Use a Dockerfile for your Binder repository#

Binder supports configuration files for package installation, environment specification, post-build shell scripts, and more. It should be possible to create the environment that you want without using a Dockerfile. For more information about the different environment configuration files that Binder can create, see How can I prepare a repository for Binder?.

However, in case you cannot meet all your needs with these configuration files, it is also possible to use a Dockerfile to define your environment. This is considered an advanced use case, and we cannot guarantee that the Dockerfile will work.

This guide will help you in preparing your Dockerfile so that it has the components needed to run JupyterHub, allowing it to work on Binder deployments.


We recommend against using a Dockerfile as a way to make your repository usable with binder. Use them as a last resort after all methods in How can I prepare a repository for Binder? have failed.


Binder’s requirements for Dockerfiles are in beta and subject to change. Dockerfiles may break on Binder from time to time during the beta period.

When should you use a Dockerfile?#

Below are a few use-cases where you might want to use a Dockerfile with Binder.

When you are building complex software#

Most Binder configurations can be achieved without a Dockerfile. Before resorting to a Dockerfile, we recommend trying to use postBuild commands for configuration. See the repo2docker documentation for examples.

When you’re using a language that is not directly supported#

Binder supports many languages, but not all of them. If your need to use a different language, it may be possible to accomplish this with a Dockerfile.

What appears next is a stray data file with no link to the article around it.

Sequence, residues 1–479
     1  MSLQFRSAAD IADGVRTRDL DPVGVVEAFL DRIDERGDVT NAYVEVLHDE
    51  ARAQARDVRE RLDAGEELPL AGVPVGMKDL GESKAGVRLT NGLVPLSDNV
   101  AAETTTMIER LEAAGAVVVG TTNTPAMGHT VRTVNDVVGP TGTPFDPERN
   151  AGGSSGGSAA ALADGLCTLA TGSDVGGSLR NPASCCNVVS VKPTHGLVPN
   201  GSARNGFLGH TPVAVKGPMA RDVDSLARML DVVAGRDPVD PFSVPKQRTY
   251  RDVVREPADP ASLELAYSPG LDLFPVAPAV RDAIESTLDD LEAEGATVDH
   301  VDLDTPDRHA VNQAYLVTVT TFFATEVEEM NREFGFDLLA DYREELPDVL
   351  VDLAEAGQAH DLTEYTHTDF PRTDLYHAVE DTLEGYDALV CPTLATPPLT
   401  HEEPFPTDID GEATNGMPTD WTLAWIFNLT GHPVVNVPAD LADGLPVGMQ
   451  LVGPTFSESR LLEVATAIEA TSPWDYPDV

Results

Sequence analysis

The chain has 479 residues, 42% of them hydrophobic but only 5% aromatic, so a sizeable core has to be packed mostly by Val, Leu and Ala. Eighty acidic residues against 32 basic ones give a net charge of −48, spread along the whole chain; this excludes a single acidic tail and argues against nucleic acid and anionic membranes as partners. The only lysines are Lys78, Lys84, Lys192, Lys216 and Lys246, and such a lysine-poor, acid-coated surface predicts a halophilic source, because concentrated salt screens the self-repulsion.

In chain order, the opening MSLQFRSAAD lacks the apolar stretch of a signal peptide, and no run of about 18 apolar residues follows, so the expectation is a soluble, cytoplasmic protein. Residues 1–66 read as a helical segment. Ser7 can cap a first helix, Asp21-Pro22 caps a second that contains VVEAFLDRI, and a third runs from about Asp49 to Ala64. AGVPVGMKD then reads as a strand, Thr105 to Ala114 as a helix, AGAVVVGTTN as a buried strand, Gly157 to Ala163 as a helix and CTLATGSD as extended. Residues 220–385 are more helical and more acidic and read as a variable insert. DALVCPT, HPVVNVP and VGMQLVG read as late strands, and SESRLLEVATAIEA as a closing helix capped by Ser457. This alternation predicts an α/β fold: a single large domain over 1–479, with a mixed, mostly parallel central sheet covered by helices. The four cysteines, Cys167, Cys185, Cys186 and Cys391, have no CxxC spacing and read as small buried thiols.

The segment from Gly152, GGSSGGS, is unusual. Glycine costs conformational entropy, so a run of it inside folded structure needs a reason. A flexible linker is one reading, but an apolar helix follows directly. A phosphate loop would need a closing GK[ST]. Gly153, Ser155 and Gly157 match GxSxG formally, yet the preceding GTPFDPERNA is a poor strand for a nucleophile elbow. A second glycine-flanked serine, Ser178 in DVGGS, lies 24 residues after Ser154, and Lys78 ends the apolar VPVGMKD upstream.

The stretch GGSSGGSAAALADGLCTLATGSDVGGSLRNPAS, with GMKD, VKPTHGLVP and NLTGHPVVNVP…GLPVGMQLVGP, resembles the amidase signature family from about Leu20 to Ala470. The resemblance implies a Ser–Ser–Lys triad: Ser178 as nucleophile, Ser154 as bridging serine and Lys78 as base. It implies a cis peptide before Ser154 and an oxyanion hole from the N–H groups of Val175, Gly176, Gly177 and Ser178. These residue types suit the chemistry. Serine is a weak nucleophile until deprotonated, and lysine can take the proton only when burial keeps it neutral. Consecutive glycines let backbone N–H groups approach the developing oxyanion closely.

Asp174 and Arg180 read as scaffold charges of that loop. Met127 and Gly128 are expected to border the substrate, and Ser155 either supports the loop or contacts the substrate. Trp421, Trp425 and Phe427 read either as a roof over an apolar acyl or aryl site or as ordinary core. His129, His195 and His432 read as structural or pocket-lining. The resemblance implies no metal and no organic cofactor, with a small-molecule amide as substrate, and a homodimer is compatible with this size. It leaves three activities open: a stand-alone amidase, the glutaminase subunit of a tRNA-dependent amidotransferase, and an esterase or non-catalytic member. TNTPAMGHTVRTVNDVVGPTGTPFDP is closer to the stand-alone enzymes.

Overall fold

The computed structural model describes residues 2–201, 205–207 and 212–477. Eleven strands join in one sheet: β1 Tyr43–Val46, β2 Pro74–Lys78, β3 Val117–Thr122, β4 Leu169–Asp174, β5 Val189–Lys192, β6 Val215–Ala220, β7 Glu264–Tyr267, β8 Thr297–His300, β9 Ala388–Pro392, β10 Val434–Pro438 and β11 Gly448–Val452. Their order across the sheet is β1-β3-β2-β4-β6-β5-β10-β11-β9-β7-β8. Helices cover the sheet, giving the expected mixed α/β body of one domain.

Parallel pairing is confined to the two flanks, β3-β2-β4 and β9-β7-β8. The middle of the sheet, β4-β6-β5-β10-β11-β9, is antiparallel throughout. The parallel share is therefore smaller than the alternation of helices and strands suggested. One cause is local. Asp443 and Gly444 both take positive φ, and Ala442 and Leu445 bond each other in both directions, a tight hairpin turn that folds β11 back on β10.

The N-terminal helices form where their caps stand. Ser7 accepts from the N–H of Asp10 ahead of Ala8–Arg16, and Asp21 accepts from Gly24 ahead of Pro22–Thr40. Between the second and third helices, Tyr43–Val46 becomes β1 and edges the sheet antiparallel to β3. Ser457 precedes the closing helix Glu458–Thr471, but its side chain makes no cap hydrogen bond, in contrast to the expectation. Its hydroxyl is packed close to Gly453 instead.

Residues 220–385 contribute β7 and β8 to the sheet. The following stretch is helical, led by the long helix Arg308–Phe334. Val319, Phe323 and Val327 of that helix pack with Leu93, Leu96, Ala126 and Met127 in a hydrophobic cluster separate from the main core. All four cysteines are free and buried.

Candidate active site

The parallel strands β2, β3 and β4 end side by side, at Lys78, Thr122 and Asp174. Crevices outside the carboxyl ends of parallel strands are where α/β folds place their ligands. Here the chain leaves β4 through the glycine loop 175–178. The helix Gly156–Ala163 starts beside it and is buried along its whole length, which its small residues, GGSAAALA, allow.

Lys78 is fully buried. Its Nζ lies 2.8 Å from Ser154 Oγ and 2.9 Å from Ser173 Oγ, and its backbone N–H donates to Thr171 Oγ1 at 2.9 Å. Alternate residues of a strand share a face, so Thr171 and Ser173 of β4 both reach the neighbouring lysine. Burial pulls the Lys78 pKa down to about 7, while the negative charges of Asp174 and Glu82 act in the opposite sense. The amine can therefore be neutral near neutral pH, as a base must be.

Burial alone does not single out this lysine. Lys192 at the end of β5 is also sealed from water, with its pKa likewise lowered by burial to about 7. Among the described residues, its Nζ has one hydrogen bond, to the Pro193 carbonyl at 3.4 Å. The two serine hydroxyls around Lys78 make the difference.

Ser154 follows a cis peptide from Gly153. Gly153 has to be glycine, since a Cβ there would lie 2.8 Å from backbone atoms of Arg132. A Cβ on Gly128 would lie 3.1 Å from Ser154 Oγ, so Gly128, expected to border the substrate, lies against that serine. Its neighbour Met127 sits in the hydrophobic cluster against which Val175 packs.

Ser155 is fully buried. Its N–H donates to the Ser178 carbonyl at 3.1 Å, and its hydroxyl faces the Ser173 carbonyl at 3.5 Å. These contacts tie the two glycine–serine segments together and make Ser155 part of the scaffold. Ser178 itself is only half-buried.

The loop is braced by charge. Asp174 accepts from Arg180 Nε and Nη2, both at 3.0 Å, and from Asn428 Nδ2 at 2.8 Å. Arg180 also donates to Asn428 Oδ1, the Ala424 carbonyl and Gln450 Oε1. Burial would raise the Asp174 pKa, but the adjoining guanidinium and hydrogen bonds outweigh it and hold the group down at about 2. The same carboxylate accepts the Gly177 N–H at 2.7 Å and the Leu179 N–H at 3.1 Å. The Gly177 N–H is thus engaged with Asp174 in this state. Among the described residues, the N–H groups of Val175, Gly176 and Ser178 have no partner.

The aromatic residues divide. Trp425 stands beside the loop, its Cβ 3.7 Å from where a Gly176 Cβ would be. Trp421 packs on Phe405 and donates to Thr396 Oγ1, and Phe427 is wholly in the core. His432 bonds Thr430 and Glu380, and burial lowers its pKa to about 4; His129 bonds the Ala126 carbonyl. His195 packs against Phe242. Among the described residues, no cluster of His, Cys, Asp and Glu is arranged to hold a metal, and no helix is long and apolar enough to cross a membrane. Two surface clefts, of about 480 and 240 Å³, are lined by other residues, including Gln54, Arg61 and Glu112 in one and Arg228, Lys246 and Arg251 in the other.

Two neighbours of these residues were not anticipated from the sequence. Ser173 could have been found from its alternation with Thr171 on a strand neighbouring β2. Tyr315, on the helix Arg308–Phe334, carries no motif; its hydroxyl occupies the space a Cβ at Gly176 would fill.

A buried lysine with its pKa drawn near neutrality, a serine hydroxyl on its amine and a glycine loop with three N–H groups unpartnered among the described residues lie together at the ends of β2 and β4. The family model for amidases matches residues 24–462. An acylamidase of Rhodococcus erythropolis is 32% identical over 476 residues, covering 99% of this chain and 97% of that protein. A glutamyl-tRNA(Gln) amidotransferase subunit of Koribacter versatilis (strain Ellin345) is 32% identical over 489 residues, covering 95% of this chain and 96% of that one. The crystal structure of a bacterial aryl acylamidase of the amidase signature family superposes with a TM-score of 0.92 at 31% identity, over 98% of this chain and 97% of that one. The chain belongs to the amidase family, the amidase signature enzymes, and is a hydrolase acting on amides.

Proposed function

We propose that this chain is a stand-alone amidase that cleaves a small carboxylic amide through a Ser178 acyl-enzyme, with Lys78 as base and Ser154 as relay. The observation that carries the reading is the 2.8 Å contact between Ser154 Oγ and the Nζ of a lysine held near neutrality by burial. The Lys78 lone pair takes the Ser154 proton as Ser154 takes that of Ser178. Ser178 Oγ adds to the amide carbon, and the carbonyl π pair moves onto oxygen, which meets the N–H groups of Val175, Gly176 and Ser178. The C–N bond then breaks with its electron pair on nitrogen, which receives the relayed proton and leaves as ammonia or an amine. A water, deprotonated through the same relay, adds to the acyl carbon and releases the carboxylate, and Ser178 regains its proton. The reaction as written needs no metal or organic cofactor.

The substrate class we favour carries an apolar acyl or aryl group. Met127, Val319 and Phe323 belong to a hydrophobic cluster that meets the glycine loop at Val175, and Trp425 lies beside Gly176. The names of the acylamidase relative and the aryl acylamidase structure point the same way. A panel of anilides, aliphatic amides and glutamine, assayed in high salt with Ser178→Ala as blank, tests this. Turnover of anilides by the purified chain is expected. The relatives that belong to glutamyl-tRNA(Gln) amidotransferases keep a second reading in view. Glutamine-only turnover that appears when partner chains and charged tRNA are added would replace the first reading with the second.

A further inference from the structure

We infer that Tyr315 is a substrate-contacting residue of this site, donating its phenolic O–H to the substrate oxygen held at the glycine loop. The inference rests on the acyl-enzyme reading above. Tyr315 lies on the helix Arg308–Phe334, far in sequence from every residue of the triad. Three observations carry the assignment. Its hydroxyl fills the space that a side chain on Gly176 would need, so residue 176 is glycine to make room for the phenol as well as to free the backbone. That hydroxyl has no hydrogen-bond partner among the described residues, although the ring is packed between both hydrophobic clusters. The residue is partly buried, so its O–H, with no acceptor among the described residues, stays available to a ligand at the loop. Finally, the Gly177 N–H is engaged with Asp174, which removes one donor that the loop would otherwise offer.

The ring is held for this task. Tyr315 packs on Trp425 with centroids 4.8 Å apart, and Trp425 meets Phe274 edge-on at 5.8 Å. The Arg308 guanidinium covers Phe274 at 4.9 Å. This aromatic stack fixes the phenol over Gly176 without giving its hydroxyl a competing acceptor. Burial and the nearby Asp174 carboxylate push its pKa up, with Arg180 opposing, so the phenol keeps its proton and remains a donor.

For a list of languages that Binder supports with configuration files, see the repo2docker documentation.


We welcome contributions to repo2docker to add support for new languages. If interested, please open an issue.

Preparing your Dockerfile#

For a Dockerfile to work on Binder, it must meet the following requirements:

  1. It must install a recent version of Jupyter Notebook and JupyterLab. This should be installed via pip with the notebook and jupyterlab packages. So in your dockerfile, you should have a command like:

    RUN python3 -m pip install --no-cache-dir notebook jupyterlab


    If you install the classic notebook interface but not JupyterLab, you must manually change your URLs from /lab to /tree as described in the user interface documentation. Otherwise, you might get a 404: Not Found error when launching your project on binder.

    If you would like to use the repository with an authenticated Binder you should also install the jupyterhub package.

    RUN pip install --no-cache-dir jupyterhub
  2. It must explicitly specify a tag in the image you source.

    When sourcing a pre-existing Docker image with FROM, a tag is required. The tag cannot be latest. Note that tag naming conventions differ between images, so we recommend using the SHA tag of the image.

    Here’s an example of a Dockerfile FROM statement that would work.

    FROM jupyter/scipy-notebook:cf6258237ff9

    The following examples would not work:

    FROM jupyter/scipy-notebook


    FROM jupyter/scipy-notebook:latest